Mayor Kirk Caldwell today allowed to become law a bill aimed at speeding up the processing of building permits for one- and two-family houses, although he dislikes the bill and says it may make the Department of Planning and Permitting’s issues worse than already exist.
Under the bill, DPP will be required to process applications for one- and two-family dwellings within 60 days of receiving them, provided they are submitted under the city’s one-time review process.
Meanwhile, Caldwell announced that he is introducing a series of seven initiatives that will allow DPP to streamline the permitting process. Among the changes: Allowing all permit applications utilizing third-party review to be accepted without re-checking or spot-checking; rejecting incomplete permit applications immediately; limiting review cycles for both residential and commercial projects to no more than three; hiring additional plan checkers; and establishing “Malama Mondays” where plan examiners will devote one entire day a week to addressing backlogged permit applications.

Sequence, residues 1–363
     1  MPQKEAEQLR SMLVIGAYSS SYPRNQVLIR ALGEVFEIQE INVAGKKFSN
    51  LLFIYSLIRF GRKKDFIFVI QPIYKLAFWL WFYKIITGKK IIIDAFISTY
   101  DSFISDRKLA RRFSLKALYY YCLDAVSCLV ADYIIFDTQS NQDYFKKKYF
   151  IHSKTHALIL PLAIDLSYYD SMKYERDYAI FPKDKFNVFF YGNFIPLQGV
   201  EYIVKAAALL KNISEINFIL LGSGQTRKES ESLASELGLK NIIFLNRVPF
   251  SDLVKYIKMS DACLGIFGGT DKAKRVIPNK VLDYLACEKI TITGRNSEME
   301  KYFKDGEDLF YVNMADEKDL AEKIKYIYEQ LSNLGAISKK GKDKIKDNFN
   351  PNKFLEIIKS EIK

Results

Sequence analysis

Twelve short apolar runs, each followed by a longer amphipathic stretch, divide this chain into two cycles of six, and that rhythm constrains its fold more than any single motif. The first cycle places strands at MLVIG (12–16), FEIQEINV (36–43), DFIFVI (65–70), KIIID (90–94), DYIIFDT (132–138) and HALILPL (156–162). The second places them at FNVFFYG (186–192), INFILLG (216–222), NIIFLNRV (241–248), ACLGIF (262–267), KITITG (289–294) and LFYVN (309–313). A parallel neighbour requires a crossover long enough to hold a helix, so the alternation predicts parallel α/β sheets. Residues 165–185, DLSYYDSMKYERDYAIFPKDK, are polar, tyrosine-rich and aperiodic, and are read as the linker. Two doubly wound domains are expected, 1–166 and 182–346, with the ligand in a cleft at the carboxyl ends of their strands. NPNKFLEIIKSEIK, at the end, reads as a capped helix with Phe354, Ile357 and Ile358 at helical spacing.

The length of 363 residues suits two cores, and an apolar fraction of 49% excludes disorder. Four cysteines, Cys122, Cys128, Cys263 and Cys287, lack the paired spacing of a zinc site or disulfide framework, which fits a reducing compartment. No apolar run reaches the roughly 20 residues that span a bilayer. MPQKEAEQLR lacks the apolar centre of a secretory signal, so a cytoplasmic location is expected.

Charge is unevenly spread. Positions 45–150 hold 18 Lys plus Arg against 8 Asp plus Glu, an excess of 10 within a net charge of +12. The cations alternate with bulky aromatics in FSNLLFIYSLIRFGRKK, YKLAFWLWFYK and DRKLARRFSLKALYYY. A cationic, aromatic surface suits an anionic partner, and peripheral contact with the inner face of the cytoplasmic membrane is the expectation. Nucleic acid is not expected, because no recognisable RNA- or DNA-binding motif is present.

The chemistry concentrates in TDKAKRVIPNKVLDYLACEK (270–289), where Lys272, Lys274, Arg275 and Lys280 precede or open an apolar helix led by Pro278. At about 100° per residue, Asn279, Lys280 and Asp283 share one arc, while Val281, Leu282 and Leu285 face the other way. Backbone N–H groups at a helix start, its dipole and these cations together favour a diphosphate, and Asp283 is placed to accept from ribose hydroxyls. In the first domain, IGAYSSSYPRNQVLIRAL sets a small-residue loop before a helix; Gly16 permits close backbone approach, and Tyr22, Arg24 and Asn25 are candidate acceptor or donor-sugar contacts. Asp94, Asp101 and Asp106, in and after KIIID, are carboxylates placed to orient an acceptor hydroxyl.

While it’s not his preference to allow permits for smaller residential projects to step to the front of the line, possibly delaying permits for larger high-rise or commercial buildings, “we want to see how it goes,” the mayor said to reporters while standing in front of DPP’s One Stop Permit Center at the Frank Fasi Municipal Building.
Caldwell said he would have preferred the bill not be passed and that the Council allow for his initiatives to be implemented and tested first.
Bill 64 was approved 9-0 by the Honolulu City Council Nov. 14. If Caldwell had vetoed the bill, six of the nine Council members would have been needed for an override.
The bill was introduced by Council Chairman Ernie Martin and was prompted by an increasing number of complaints about the permitting delays. The Building Industry Association, as well as individual builders, contractors, engineers and architects say the length of time necessary to obtain permits make it difficult for them to build houses efficiently, sometimes resulting in financial losses and layoffs.
Some said they need to wait a year or longer for their permits.
Kathy Sokugawa, DPP acting director, testified against the bill. She said putting building permits for one category ahead of others means longer delays for those other projects – including high-rise condominiums.